42As recently explained by Fourmentraux (2016), thanks to interactive digital images, we can today start understanding images as ‘mixed formations’ made of humans and techniques where the latter creates a structure of immediate feed-back with the publicand hence becomes directly «en puissance»–that is, something that dialogues with the public in an immediate way. Interactive digital imaging archives, such as, hence ‘act’, ‘do’ things and by so doing they made others to ‘do things’–stimulating new processes of communication, exchange, politics and interconnections.

43The digital archive of should be considered for the Indian context as an example of a combination of digital technology with the telecommunication technology, such as the internet, to transform existing visual documentary practices into an image-making industry that can cross boundaries between local and global, and can be shared, modified and discussed without falling into the problematic of fixed ‘categorisations’ as it occurs for state institutions. As for any other innovations though, digital archives, such as, also push us towards a new set of questions which I would like to address here in closing and which I believe ought to be explored in further research.

(Video) How Earth Will Look In 250 million Years

44If these new forms of participatory visual archives are crossing the boundaries between visual practices and between the global and the local, to what extent are they challenging classic Euro/American-centric paradigms of technological development and practices? Are these new platforms becoming models for the global south to re-center academic debates and open up more possibility of exchange? If these platforms function as creative spaces of encounters for both artists and academics, do digital archives also generate novel ways of temporal and spatial encounters between art and research? And finally, with the re-activation of state visual archives, to what extent we can imagine participatory digital archive to begin new forms of ‘interactions’ with state archives in the global south? More research is without doubt needed to answer these questions.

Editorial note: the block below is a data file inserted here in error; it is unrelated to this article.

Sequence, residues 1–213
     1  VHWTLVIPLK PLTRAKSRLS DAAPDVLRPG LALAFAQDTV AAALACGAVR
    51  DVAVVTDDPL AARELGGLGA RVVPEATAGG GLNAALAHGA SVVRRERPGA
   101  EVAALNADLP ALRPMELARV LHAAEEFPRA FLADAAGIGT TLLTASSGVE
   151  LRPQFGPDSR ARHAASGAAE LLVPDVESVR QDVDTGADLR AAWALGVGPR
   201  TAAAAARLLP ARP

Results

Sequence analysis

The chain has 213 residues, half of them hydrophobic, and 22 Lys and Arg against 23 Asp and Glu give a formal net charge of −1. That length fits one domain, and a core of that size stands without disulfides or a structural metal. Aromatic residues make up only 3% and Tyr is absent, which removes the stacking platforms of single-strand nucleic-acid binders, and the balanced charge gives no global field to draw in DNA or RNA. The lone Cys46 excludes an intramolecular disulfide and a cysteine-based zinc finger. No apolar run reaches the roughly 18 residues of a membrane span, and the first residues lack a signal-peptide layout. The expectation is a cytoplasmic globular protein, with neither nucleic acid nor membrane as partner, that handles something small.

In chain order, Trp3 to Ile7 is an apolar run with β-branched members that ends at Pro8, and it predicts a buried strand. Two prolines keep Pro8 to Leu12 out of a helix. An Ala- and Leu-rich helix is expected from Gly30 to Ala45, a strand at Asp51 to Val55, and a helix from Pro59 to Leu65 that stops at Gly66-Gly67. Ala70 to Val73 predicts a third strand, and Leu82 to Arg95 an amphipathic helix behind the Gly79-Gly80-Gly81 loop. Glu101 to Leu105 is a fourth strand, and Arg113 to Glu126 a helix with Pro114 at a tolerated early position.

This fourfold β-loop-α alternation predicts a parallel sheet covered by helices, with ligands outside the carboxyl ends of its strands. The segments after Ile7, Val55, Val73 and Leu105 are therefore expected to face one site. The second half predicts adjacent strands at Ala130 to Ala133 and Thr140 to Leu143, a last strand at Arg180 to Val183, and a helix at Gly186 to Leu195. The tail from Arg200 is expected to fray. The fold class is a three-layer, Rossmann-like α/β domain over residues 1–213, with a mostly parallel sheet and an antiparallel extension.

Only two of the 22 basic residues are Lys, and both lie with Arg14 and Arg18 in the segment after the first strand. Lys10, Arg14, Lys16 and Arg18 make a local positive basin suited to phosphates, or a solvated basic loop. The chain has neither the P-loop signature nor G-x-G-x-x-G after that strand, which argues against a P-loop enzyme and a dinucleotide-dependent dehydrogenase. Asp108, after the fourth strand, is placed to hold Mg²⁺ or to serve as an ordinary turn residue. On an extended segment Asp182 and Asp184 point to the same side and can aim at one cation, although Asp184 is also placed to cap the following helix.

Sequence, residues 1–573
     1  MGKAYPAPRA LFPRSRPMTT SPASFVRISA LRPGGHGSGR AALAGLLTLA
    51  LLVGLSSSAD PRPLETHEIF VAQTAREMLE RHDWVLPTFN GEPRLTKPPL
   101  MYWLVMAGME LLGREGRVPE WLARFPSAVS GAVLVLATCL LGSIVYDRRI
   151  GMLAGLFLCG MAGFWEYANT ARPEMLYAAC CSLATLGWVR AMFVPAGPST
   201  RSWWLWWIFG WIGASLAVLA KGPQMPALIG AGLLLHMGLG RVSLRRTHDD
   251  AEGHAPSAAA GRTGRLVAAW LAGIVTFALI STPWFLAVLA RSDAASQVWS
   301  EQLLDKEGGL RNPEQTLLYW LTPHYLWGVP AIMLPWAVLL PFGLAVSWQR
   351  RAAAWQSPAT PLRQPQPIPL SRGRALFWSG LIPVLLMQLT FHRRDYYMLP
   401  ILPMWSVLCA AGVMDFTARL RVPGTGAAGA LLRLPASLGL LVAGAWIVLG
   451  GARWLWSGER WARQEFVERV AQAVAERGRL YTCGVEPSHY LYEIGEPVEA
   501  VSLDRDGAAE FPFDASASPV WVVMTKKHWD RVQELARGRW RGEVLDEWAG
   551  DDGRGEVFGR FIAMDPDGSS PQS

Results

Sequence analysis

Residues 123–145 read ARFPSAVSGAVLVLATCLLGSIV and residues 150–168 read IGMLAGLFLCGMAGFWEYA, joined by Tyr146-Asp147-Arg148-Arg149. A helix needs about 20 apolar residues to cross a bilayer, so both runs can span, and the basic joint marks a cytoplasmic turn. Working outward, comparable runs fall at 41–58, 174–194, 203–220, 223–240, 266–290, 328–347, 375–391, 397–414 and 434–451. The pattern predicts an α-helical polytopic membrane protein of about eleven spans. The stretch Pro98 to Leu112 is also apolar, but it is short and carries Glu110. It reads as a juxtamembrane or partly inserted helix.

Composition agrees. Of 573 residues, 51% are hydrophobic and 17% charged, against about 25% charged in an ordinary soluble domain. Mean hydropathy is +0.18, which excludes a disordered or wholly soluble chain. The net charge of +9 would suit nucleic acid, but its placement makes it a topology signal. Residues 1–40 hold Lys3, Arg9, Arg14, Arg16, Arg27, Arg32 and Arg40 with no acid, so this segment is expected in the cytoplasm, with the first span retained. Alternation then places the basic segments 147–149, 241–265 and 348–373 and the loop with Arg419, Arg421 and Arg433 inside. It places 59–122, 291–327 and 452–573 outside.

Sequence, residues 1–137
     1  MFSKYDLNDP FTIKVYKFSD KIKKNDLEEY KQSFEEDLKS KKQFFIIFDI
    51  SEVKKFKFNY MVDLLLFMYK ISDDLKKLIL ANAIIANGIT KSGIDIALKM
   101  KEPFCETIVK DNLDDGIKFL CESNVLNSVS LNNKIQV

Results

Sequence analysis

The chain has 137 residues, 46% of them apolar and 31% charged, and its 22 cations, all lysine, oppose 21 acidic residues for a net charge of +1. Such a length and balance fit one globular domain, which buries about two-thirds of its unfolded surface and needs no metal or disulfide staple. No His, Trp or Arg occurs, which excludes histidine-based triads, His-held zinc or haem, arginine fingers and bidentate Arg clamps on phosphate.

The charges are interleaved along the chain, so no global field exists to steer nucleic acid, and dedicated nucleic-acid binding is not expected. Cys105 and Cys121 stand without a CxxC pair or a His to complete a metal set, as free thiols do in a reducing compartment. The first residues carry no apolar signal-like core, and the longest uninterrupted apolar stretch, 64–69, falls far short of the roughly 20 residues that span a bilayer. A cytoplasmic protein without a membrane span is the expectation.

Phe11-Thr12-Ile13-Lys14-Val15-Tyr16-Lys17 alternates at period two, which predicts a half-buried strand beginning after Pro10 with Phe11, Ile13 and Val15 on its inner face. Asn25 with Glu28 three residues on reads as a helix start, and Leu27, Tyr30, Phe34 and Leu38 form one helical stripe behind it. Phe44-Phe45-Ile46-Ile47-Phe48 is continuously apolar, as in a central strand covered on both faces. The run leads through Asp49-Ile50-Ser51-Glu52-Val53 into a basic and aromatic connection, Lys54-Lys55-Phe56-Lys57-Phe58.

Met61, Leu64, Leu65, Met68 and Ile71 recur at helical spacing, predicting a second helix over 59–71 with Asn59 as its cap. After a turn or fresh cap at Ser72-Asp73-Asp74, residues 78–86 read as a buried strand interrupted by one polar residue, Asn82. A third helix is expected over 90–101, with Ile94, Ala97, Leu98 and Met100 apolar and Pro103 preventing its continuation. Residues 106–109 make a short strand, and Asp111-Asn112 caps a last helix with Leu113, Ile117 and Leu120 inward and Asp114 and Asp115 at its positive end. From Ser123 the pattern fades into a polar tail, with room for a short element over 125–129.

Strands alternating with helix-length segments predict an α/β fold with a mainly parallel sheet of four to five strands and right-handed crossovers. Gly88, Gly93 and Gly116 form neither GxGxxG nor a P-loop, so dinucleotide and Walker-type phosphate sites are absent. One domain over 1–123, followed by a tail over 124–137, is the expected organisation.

45With this article I wanted to reflect on the potential and limitation of innovative technologies, such as digital technology, on existing cultural industries, such as the documentary cinema, in a global south context, such as India. As I have tried to show, on the one hand the digital turn should not be considered a revolutionary moment for the development film industry because part of a much longer historical development of a practice–which in order to become a veritable industry has benefitted of many other technological turns. On the other hand, we can still find some ‘specificities’ of the digital turn and surely the one concerning the ‘archive’ and the digital impact on exiting archives, and the creative possibilities that the digital has brought to independent visual practices. Understood as a ‘dispositif’ of presentation but also collaboration, sharing and participation of visual representations of a nation and its cultural heritage, the ‘archive’ and even more the ‘participatory digital archive’ is becoming the new space for creation and academic thinking as well as the novel way for seriously integrating the global south into more international debates concerning, art, technology, communication and innovation.